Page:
Trans Procedure Bills Signal Growing Consensus around Protecting Children
On April 28, Montana Governor Greg Gianforte (R) signed into law SB 99, a bill that prohibits puberty blockers, cross-sex hormones, and genital-mutilating surgeries for minors. A similar bill was sent to the governor’s desk in Oklahoma on April 27. Both pieces of legislation passed their respective state legislatures by a wide margin, signaling the broad public support that these types of laws are receiving despite intense pressure from left-wing activists to torpedo the bills.
In Montana, in spite of the use of highly dramatic language by a transgender identifying representative that earned him a censure, and despite the necessity for police to arrest several protestors and clear the state capitol in riot gear, the state House and Senate easily sent the measure to the governor’s desk by votes of 65-33 and 31-17, respectively. In Oklahoma, where a group of around 150 pro-trans protestors descended on the state capitol in early February to denounce an early version of the bill, the state senate easily passed SB 613 last Thursday by a vote of 38-8. The bill now goes to Governor Kevin Stitt’s (R) desk, who is expected to sign it.
The large margin by which both measures passed appears to be a reflection of widespread societal consensus that minors are not capable of adequately considering the ramifications of life-altering hormonal and surgical procedures that are often irreversible. Recent polling on this issue shows that nearly 80% of Americans agree that children should not be allowed to undergo transgender procedures.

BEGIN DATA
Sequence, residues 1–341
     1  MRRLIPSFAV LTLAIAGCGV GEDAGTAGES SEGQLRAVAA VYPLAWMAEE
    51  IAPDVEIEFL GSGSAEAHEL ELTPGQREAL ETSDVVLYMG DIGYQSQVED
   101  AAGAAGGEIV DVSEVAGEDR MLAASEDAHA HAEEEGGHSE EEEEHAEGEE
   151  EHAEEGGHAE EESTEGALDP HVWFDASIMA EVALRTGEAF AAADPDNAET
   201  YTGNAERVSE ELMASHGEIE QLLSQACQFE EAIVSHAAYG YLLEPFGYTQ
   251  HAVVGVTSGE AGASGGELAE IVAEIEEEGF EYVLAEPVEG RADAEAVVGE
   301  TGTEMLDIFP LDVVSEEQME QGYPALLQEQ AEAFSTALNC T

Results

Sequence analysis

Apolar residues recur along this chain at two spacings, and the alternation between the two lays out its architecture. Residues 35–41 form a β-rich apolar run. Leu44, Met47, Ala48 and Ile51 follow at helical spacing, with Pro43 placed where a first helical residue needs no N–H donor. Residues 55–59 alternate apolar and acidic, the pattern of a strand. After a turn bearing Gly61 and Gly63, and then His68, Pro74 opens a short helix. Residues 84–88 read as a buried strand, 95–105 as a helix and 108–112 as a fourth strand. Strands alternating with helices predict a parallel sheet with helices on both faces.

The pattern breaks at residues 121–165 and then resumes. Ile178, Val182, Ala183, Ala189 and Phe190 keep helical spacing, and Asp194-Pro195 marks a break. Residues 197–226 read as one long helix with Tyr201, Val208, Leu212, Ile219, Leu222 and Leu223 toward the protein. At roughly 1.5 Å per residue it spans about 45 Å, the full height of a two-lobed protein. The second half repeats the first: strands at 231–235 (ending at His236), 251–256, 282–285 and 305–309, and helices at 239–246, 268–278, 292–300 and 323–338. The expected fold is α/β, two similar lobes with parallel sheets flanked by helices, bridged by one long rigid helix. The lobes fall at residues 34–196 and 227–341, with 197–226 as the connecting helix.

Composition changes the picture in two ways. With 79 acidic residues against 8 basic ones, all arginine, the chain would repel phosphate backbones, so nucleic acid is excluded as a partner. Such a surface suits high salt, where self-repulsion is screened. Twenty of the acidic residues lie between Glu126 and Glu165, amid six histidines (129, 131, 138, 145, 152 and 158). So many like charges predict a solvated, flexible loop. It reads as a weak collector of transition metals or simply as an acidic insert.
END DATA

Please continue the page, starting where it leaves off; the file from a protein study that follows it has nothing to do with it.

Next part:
Montana and Oklahoma will join 13 other states that have passed similar legislation that gives minors some level of protection from gender transition procedures in the last two years. They include Alabama, Arkansas, Arizona, Georgia, Idaho, Indiana, Iowa, Kentucky, Mississippi, South Dakota, Tennessee, Utah, and West Virginia.
The growing cultural agreement on the issue is reaching unexpected quarters. On Sunday, Paul Stanley, a member of the rock group KISS, tweeted in part: “There is a BIG difference between teaching acceptance and normalizing and even encouraging participation in a lifestyle that confuses young children into questioning their sexual identification as though [it’s] some sort of game and then parents in some case allow it. … With many children who have no real sense of sexuality or sexual experiences caught up in the ‘fun’ of using pronouns and saying what they identify as, some adults mistakenly confuse teaching acceptance with normalizing and encouraging a situation that has been a struggle for those truly affected and have turned it into a sad and dangerous fad.”
In addition, Bill Maher, a liberal comedian and host of HBO’s “Real Time,” has also recently expressed misgivings about the growing trend among minors to identify as the opposite sex, pointing to “social contagion” as a phenomenon that proves that transgender identities do not develop as organically as activists say they do: “[I]t is also somewhat trendy — I know people hate to hear that, but it’s obviously true — there is an element of social contagion, or else it wouldn’t be so prevalent in here [California] and not in Indiana, it wouldn’t be regional.”